When it comes to the group of high-risk patients, and taking into consideration that more evidences recommend the preventive use of NIMV, the results7 confirm the non-inferiority of HFOT compared to the NIMV at overall population level. However, in this group we did find one subgroup of patients where non-inferiority was questionable, meaning that we would need to re-think the categorization of risk of reintubation failure into three (3) groups, and divide the high-risk group into two (2) new groups—one intermediate-risk group (patients with a maximum of 3 factors), and one high-risk group (patients with a maximum of 4 or more factors). With this new categorization, in intermediate-risk patients, the non-inferiority of HFOT would be guaranteed, while in high-risk patients it would not, meaning that the prior recommendation of preventive NIMV would need to be kept.8 Today, an alternate model is in the pipeline to be able to determine the risk of failure based on the presence of specific factors, and not on the total number of factors. However, we should remember that the original study excluded patients with hypercarnic COPD during the withdrawal test - considered patients at high risk of failure.


On the practical aspects for the optimization of the use of HFOT as a preventive treatment for the management of respiratory failure after extubation, today this is still a field under development. The most significant points are:

Time of application: although the two (2) randomized trials used HFOT for a fixed period of 24h,4,7 other studies found better results with prolonged uses (48h) as the main difference between the application protocols. Although this hypothesis has not been confirmed yet, several mechanisms that may explain the benefits are dependent upon the time of application, with benefit increases after 24h of continuous application, such as convenience for the patients, and pulse-oximetry improvement. Today, the traditional main problem of the HFOT applicability for prolonged periods of time has been worked out since there are devices available that do not require medicinal oxygen and can be perfectly used in conventional hospital wards.

Applicable optimal flow: although we are lacking specific studies in extubated patients, the main message here is that, within the flow range of clinical application (between 30 and 60bpm) during the acute phase of respiratory failure, there are more benefits with higher flows for most clinical parameters,9 without compromising any safety parameters. This includes parameters such as inspiratory effort; end-expiratory lung volume; oxygenation; and dynamic compliance, although the CO2 removal and work of breathing are parameters where the maximum benefit is obtained with low-range flows. Until these patients are studied more specifically, it seems reasonable to prescribe the oxygen flows based on the clinical tolerance reported by the patient.10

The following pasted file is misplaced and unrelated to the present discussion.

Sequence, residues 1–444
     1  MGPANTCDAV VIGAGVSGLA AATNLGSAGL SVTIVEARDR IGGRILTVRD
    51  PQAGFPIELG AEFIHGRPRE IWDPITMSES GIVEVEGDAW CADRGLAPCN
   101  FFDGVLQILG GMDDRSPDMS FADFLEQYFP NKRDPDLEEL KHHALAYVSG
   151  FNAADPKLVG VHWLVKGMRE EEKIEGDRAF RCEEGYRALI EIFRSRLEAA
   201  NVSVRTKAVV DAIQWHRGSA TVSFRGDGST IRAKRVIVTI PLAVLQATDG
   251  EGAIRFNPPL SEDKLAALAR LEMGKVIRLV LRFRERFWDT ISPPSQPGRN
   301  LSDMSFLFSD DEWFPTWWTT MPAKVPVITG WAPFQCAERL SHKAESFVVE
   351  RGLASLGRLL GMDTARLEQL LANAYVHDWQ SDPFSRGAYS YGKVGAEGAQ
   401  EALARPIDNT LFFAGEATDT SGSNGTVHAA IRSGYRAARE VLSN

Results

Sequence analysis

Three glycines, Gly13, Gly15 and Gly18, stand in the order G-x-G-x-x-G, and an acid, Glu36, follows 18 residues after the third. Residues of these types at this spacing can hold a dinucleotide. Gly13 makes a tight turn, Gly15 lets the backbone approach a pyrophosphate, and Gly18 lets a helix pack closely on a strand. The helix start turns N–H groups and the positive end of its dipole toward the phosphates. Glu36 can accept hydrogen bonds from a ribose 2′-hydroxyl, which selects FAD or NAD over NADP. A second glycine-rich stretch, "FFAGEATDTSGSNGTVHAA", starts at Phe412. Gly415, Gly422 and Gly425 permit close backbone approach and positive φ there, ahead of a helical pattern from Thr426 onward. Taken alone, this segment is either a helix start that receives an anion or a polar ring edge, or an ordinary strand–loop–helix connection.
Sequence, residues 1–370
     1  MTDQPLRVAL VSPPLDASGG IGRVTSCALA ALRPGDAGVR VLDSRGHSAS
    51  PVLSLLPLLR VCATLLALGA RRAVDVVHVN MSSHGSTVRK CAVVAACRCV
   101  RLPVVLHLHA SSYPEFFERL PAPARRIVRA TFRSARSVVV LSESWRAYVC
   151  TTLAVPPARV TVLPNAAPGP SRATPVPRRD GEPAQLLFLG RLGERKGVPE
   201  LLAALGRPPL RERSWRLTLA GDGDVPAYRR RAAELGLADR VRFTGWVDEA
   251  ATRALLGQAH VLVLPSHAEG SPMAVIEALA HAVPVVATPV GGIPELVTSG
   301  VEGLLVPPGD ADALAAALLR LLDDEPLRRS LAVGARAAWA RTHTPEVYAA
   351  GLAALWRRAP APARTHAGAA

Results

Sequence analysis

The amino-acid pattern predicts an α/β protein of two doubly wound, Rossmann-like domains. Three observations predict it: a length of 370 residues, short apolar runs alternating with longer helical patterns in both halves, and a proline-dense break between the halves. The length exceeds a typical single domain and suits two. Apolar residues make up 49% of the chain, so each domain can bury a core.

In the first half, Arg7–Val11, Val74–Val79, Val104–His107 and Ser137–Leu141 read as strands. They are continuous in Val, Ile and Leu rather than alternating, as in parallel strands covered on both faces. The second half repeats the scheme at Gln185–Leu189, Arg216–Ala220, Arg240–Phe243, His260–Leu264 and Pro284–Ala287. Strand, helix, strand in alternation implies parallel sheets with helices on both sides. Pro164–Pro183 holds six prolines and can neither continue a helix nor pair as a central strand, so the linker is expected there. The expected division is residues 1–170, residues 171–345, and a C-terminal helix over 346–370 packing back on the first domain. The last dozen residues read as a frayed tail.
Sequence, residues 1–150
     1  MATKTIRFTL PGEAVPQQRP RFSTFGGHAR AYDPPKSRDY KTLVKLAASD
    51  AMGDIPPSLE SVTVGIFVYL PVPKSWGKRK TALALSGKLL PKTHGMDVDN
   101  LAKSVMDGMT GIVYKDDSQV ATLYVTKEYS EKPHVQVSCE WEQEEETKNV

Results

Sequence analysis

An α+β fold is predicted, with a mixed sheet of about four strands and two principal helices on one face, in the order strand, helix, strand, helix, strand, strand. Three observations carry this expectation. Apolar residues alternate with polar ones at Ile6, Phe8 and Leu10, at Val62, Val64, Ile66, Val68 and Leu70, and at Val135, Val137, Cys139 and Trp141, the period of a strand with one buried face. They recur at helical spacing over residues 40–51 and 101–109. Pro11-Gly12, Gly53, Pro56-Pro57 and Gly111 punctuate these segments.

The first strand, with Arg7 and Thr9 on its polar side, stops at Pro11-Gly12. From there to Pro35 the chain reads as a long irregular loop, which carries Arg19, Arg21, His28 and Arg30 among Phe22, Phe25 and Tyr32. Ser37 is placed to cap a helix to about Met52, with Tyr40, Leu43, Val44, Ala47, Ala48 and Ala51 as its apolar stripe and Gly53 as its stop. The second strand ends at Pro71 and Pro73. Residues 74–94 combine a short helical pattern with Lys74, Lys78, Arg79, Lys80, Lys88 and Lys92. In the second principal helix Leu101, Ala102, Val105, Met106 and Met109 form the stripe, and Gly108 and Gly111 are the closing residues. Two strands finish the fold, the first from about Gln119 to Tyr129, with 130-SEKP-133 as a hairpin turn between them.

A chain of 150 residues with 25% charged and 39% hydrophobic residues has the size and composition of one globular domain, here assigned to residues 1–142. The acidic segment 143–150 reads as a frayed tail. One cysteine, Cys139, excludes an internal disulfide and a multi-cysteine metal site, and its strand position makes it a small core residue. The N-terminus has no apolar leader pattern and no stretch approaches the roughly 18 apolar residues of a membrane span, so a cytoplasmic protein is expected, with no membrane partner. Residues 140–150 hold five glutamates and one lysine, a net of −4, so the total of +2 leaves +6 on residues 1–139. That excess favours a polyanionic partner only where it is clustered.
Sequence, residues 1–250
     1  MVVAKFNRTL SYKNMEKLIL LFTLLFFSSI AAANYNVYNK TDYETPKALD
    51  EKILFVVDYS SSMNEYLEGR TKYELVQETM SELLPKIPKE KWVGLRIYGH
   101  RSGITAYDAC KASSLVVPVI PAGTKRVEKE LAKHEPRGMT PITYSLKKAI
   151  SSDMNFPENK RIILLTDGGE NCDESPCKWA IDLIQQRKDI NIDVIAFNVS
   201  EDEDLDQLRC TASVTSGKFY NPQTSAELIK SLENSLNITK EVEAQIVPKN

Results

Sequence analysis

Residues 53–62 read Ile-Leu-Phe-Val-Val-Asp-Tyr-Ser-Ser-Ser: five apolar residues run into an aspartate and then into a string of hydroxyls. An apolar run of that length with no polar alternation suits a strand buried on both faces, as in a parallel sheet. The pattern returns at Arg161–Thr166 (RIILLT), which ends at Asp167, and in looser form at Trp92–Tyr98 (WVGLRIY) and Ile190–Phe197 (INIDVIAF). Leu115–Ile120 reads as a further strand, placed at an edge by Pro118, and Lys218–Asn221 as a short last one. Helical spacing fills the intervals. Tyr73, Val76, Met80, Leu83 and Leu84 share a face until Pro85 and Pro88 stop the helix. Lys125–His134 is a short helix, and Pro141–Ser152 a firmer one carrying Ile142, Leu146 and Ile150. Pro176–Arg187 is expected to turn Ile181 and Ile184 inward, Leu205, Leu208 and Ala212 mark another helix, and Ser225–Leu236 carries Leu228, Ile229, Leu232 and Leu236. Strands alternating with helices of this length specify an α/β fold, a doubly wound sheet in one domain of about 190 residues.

Prediction of early failure: once again, this has been conducted in patients in the acute phase of hypoxemic respiratory failure.11 Today, the ROX index is in its validation stages for patients treated with HFOT with respiratory failure secondary to community pneumonia ( Identifier: NCT02845128). The generalization of these results to be able to predict the HFOT failure in extubated patients seems excessive, which is why the actual recommendation should prioritize the criterion of safety, same as it happens with patients on NIMV. Until one predictor is validated in extubated patients, both on HFOT and NIMV, the safety parameters from the clinical trials conducted should be observed here, including the use of bedside pre-established re-intubation criteria (adjusted to local protocols), and the use of HFOT and NIMV for fixed periods of time between 24 and 48h (also adjustable to the local conditions of each unit).4,7

Conflict of interests

Both authors declare that they have received funding from Fisher and Pykel in association with training and research projects.

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Please cite this article as: Hernandez G, Roca O. Soporte respiratorio tras la extubación: ¿a quién y cómo? Med Intensiva. 2018;42:255–257.

Copyright © 2017. Elsevier España, S.L.U. and SEMICYUC
Medicina Intensiva (English Edition)